Welcome to the middle path
- Jana Svoboda, LCSW
- Sporadic photos and notes from a Psyche-midwife, cheerleader, anthropologist--aka clinical social worker in therapy practice. Photos are usually mine except for those of historical events/famous people. Music relevant to the daily topic is often included in a web video embedded below the blog. Click on highlighted links in the copy to get to source or supplemental material. For contact information, see my website @ janasvoboda.com or click on the button to the right below. Join in the conversation.
Sunday, December 5, 2010
600 hundreds kinds of love
Beautiful day here in the heart of the valley. Hiked Bald Hill in what should be the afternoon; ended up walking down at dark-thirty, making lots of noise so as not to be cougar bait. Later, stopped at the local LDS church, where the Community Nativity Festival was in the last hours of its three day run. In its 16th year, the free event hosts over 600 creches made of everything from rolled up recycled newspaper to fine porcelain and metals. There were interpretations of the birth of Jesus from every country, and in some, the characters wore the clothing or had the facial features of the region of the artist. Some of the creches were mass produced series, some handmade originals; each was meaningful enough to someone that it was purchased or given. There were "Precious Moments" nativities and at least 4 (!) manger scenes in which every character was a snowperson, There were even all frog and all dog scenes. But no matter how serious, whimsical, downright silly or highfalutin' the creation, each seemed a message of adoration and unconditional love.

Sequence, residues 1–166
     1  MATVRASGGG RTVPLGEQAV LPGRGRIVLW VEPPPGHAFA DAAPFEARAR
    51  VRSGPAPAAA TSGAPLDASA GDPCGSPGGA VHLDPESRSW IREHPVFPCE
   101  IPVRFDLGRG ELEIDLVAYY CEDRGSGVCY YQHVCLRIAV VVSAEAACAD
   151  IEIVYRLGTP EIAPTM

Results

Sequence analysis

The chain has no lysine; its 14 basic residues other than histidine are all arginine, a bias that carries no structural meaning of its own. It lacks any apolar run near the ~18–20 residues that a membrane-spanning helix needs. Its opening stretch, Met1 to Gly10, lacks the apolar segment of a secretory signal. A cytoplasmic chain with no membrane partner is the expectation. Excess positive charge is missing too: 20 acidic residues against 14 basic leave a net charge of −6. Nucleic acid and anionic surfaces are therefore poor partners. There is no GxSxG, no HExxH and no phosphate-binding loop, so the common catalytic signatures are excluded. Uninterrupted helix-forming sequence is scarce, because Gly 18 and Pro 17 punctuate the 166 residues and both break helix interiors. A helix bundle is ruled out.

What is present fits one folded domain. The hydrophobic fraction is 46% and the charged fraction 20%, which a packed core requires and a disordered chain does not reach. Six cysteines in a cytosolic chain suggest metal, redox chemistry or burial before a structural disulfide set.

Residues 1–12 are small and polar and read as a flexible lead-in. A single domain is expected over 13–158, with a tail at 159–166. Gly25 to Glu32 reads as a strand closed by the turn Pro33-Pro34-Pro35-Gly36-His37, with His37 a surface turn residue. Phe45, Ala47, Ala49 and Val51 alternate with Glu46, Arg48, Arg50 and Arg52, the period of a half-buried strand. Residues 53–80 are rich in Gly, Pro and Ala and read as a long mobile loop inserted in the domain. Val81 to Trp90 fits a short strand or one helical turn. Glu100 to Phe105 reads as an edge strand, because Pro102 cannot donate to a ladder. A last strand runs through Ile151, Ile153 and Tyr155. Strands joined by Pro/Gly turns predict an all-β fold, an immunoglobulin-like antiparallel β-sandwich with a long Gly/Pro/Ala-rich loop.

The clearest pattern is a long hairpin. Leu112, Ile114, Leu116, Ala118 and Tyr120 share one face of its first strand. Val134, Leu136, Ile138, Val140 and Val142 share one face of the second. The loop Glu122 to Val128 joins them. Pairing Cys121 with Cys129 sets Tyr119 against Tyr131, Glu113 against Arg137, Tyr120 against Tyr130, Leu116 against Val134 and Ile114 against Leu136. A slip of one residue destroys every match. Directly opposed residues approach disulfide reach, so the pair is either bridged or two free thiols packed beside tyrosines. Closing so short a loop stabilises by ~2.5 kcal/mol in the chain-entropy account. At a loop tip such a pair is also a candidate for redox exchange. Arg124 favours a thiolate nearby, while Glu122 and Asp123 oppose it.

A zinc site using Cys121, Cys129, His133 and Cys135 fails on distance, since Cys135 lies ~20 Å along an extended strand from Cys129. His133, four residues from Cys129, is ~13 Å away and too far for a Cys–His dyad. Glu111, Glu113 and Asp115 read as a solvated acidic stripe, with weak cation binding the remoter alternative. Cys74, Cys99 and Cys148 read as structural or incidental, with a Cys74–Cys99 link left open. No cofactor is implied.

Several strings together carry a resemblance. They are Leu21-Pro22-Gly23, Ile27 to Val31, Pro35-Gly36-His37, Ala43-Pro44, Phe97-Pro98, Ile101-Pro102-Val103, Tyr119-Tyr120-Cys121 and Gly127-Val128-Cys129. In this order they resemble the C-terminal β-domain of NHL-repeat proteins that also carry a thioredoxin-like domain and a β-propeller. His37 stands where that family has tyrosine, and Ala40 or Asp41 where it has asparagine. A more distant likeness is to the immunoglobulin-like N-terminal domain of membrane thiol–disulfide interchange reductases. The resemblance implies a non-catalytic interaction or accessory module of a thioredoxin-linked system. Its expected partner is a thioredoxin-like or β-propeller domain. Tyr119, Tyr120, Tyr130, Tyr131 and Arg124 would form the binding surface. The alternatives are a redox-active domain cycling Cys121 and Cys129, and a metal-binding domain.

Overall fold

Some people have some pretty specific ideas about religion, and I am fine to let them have them. We do the best we can understanding big pictures with our individual, fully human minds. I do believe strongly in the law that informs all faiths-- the law of love.
This week, I saw our town come together in love to support a faith community that was targeted by an arsonist. The day before, a youth who had occasionally attended there had allegedly plotted a terrorist attack in Portland. The local mosque and others in the Islam community quickly condemned his actions, pointing out it was not in keeping with tenets of the faith. However, many commenting online about the incident seemed to confuse the actions of the individual with all people of Muslim identity or from Islamic nations. Some called for expulsion of all immigrants; others accused all Muslims of violent intent.
I was glad to see that here in our town, hundreds turned out on a very cold and rainy night to show support and love for the hate crime against one of our own. Rabbi Barnett spoke of the need to bring light of hope against fear and hate. Quakers and other Christians prayed for peace and understanding. Mohammed Siala, an imam at the Salman Alfarisi Islamic Center, thanked the crowd for coming from the warmth of their home to show the warmth of their hearts. He asked all to release anger and to embrace love and compassion that could be “stronger and more powerful than the might of evil."
Let the bigness of love be stronger this season than fear.